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Bossobass Dave

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Bossobass Dave last won the day on July 22 2018

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About Bossobass Dave

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    Bass Overlord

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  1. Thanks for the link. I've read this and the auto EQ vs the "target FR" articles in the past. I compared (one of many that have changed with remodels and changes in hardware over the past 15 years of measuring in-room) my response at the LP to the results of the auto EQ article. 1) One guy preferred the low end bumped +15dB (IIRC). 2) IMO, 1dB/octave, which amounts to (+/-5dB) is tantamount to a flat response without EQ post smoothing, which I don't use. 3) My high end is bumped because I've lost a chunk of hearing capability up there, but I don't find a more rolled off high end
  2. I responded to your thread based on your OP in which you declared that it's sad that any authority would suggest the best calibration from a recorded source playback system is a flat response. You declared it, right here and now, to be bullshit with no disclaimer. You support that absurd declaration by mentioning "numerous blind listening studies conducted by Harman" though you don't define numerous nor do you cite any of them. I've said about a thousand or more times; the equal loudness curves are built into all commercially available recorded material. I have been a participant in enough
  3. Okey Dokey, we're in unrecoverable mode now... I've played electric bass for some 50 years now. Not sure if you're that confused or yanking my chain? I'm keenly aware of its range and possible harmonics that may or may not survive production methods. You can't write music without knowing the ranges of the instruments involved. Actual bass instruments have fundamentals in the bass range. Their harmonics are played back by satellites and are far easier to manipulate to taste. My basses are all 4 string and cover low E (41.2 Hz) to 2 octaves higher E on the G string (123.5). A 100 Hz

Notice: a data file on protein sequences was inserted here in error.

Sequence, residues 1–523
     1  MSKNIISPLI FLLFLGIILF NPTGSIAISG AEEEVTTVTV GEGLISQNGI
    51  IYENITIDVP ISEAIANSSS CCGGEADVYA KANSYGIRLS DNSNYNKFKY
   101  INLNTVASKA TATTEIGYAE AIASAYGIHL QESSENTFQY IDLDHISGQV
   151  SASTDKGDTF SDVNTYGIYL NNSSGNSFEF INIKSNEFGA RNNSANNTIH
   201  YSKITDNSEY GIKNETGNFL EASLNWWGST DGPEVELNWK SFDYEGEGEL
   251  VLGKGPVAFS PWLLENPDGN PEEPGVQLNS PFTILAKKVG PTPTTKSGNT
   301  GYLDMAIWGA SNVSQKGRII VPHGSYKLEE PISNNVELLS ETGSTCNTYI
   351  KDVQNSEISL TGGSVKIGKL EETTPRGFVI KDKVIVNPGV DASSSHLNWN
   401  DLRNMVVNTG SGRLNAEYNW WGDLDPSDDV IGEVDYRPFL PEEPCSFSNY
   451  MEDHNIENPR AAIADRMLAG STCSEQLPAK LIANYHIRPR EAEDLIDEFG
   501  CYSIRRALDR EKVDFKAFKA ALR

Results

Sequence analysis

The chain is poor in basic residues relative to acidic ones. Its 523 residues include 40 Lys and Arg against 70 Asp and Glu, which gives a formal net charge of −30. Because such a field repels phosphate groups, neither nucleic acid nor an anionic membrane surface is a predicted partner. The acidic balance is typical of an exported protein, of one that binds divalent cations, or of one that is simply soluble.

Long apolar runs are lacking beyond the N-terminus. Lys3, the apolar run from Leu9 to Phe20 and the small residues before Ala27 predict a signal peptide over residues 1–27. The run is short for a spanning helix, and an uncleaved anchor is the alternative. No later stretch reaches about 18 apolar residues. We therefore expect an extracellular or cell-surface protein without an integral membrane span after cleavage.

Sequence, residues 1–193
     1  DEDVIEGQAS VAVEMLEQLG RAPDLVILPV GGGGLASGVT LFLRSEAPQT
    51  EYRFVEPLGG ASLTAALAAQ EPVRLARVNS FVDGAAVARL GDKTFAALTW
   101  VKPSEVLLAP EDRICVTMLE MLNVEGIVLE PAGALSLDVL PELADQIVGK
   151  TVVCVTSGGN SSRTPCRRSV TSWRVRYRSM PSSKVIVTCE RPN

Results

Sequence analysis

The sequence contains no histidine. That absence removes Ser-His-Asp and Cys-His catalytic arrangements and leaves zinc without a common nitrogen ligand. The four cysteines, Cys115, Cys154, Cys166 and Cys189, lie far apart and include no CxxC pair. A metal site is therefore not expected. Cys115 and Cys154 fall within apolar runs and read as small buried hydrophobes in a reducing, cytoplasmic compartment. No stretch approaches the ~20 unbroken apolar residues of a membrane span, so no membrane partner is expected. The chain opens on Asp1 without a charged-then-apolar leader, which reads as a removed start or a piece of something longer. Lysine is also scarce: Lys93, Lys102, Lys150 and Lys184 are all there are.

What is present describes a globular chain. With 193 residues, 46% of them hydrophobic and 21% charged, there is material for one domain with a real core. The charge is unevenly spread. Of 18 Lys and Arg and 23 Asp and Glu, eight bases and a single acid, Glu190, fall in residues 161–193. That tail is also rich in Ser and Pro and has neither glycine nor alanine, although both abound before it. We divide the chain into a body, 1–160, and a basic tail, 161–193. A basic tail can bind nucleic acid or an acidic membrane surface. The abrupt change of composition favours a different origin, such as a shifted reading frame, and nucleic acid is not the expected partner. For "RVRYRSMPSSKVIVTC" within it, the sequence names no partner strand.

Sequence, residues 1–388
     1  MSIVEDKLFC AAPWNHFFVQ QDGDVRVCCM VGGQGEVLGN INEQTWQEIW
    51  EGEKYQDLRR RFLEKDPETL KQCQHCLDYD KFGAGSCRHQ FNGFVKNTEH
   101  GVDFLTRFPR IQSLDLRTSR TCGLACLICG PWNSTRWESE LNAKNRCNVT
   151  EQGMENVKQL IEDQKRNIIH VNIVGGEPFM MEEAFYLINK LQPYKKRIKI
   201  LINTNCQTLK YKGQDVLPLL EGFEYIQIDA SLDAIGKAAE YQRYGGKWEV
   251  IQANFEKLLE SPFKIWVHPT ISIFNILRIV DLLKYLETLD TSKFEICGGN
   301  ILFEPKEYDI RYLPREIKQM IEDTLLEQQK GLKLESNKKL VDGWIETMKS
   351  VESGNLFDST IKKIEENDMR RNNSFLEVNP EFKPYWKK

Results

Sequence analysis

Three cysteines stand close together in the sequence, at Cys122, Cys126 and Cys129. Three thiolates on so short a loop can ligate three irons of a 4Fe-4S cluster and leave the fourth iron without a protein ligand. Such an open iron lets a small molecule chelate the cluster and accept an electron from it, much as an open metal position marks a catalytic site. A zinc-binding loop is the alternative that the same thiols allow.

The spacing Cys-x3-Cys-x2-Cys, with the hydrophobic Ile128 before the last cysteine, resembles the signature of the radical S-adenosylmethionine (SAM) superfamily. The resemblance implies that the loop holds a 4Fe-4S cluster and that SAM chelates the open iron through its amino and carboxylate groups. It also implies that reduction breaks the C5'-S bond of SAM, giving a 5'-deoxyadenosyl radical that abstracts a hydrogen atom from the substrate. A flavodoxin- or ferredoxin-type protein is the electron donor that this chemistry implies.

4. To be clear, my concern and comments are confined to the subwoofer (RB+LFE+10dB summed signal) and the crossover region of the subwoofer and the satellites. A few of us have discussed and explored windowing in years past. I was once told that I need to use 'X' window for better accuracy of measurement, for whatever 'scientific' reason, which I forget now. Smoothing can take you all the way to anechoic response, as in a close mic with 1/2 octave smoothing (which is always what I've used). Shown below id the no-smoothing vs 1/2 octave smoothing close mic of my subwoofer system:
  5. Your 3-5dB boosted sub sounds hot because it is. FR is never useless.
  6. No, I'm not aware of a single production disc that includes the mix desk FR, but some do include the mix playback level, which goes to the influence of equal loudness curves. I'm aware that some mixers try their product through different systems (most don't do that as a mix tool), but they rarely adjust the final mix for those results, in my recording studio experiences. And, the mastering stage is where the final mix is actually done, where none I've ever known left their seat during the mastering process. The next time you're involved in a studio, run the FR measurement yourself and